That same year, he accepted Edward G. Lewis’ invitation to join his educational project at University City near St. Louis, Missouri. Rhead joined fellow masters Taxile Doat and Adelaide Robineau, among others, in their quest to create the best art pottery in the world. Unlike his colleagues, however, Rhead was also responsible for teaching classes and correspondence courses at Lewis’ school in addition to writing a manual entitled Studio Pottery, which was published by Lewis’ People’s University Press in 1910. The University City period was brief but tremendously fertile, and his output from that time is considered to be some of the most important and artistic pottery ever produced in the United States.
Rhead and his wife, Agnes, departed Missouri in early 1911 and traveled west to California, where he embarked on a lecture tour. While in San Francisco he met a doctor, Philip Brown, who had recently opened a sanatorium in Fairfax for female tuberculosis patients. Brown hired Rhead to manage the pottery there, dubbed Arequipa after the Peruvian word for “place of rest,” where recovering women pursued ceramics as a therapeutic activity. Rhead’s designs at Arequipa tended toward more simple squeeze-bag or modeled motifs that could be easily duplicated by the patients. Over time, Rhead’s desire to establish a more commercial venture caused tensions with Brown, and Rhead was forced to resign in 1913.
He and his wife remained in California and by early 1914 they established their own small art pottery in Santa Barbara: Rhead Pottery. For the first time in his career Rhead was free to do as he wished. Though he continued to use the squeeze-bag technique and his designs still reflected an English influence, he also dabbled in California-inspired decoration and even Asian-style shapes and glazes. His experiments were a success, receiving a gold medal at the 1915 Panama-California Exposition in San Diego. His newfound achievements coincided with personal and professional turmoil. In 1916 he and Agnes divorced, and less than a year later he married his assistant, Lois Whitcomb. General economic decline as a result of World War I took its toll on many independent potteries, including Rhead’s; he closed his pottery in 1917.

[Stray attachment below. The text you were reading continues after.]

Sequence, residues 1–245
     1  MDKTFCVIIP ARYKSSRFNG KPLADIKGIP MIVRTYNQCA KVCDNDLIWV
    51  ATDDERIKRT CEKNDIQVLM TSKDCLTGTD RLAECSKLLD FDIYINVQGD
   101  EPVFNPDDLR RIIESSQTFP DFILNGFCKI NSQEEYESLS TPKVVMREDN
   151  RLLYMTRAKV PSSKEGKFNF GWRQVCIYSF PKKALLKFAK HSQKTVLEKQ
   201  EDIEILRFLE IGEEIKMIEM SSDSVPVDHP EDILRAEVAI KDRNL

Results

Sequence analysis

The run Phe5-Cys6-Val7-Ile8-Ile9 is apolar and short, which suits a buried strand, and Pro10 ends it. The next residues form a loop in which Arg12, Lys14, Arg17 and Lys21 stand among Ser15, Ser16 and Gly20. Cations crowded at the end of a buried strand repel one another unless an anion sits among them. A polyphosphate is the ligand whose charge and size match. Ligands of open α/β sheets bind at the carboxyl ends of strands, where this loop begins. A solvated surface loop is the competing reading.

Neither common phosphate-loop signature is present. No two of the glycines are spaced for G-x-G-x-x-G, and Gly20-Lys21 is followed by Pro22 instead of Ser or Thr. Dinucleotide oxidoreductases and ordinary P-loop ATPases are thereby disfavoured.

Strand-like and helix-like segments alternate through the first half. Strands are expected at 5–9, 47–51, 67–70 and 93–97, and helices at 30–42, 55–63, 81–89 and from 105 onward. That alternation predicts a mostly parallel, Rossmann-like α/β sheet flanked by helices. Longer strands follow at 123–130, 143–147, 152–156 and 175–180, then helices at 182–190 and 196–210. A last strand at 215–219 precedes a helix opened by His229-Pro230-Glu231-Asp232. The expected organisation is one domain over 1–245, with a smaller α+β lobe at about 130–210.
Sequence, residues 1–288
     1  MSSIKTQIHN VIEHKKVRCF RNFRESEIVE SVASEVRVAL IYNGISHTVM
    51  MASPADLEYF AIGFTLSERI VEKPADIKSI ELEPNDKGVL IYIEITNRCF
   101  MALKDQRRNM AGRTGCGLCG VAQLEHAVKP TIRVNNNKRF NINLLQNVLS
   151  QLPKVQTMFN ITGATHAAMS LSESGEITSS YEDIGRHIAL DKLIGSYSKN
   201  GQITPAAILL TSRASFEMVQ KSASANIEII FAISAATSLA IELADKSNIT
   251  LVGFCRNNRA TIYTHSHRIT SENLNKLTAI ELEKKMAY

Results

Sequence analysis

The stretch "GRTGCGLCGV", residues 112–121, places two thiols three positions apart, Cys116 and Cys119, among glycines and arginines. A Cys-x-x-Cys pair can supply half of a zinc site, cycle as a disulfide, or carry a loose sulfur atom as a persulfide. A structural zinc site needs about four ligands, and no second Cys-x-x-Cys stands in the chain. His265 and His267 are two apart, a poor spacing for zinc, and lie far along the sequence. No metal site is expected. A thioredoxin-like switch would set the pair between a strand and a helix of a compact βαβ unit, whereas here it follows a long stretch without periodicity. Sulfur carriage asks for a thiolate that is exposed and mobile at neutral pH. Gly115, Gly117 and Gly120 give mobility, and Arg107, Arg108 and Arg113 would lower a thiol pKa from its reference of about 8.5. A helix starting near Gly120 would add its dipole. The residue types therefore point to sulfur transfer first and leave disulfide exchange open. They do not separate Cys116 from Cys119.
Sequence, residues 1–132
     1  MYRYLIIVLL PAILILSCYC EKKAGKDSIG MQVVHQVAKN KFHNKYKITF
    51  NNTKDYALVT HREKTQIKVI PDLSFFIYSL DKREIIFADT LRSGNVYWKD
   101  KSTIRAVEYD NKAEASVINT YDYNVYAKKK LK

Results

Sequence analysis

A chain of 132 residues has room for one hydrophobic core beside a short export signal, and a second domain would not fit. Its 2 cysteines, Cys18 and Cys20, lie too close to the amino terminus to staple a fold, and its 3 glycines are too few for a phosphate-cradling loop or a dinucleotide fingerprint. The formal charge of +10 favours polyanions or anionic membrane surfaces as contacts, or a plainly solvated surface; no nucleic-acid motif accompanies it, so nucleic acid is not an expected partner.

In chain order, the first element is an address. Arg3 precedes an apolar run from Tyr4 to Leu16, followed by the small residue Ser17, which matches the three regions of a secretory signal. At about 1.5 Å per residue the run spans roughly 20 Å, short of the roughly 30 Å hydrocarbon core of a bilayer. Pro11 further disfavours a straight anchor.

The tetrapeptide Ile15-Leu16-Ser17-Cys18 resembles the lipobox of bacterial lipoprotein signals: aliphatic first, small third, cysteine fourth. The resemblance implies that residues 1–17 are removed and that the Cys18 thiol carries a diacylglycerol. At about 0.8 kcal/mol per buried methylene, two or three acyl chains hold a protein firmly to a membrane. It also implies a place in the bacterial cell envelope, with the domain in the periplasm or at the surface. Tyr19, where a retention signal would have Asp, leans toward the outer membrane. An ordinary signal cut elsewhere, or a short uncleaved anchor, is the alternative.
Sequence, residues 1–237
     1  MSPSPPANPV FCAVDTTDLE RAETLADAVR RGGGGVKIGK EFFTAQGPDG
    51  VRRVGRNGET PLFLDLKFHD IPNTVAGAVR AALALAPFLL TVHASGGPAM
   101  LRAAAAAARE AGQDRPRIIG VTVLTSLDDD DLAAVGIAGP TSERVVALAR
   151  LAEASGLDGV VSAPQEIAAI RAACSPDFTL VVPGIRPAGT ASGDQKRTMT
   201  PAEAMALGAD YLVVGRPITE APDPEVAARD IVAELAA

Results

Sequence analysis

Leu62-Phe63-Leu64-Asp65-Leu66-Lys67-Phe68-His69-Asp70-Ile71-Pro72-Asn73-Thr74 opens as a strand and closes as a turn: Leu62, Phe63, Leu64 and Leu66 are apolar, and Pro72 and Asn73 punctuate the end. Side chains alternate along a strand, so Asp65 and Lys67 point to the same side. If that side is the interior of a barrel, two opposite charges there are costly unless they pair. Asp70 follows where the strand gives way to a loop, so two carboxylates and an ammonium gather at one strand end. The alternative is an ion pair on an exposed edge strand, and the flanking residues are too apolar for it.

Returning to familiar ground in Ohio, Rhead first landed at American Encaustic Tile Company, one of the oldest and most successful ceramic companies in the country. He was employed for a decade as a research director, chemist, and designer. For his final career move, Rhead accepted a position at Homer Laughlin Company, also in Ohio. It was the single biggest global producer of dinnerware and Rhead remained there for fifteen years until his death in 1942. In yet another deft display of his ability to adapt to stylistic changes, he designed the sleek and colorful Art Deco-style Fiesta dinnerware line in 1935. It was by far his most famous design and is still in production to the present day, earning him the distinction of being perhaps the only studio potter to successfully navigate the transition between the Arts and Crafts and Modern movements.
In addition to being a tireless designer and potter, Rhead was a generous and collaborative teacher, author, and colleague. He submitted countless lessons, articles, and a monthly column to Keramic Studio; wrote Studio Pottery (1910); and even published his own short-lived journal, The Potter. He also maintained a long-term professional relationship with Adelaide Robineau, supplying her with glaze formulas and answering technical questions; their correspondence continued until 1928, the year before Robineau’s death. Additionally, during his stint at American Encaustic, he organized the first American Ceramic Society Ceramic Display at their 1922 convention.
Rhead was one of the most diverse and influential ceramists of the twentieth century and his works can be found in countless private and public collections, including the Metropolitan Museum of Art, New York and the Victoria & Albert Museum, London.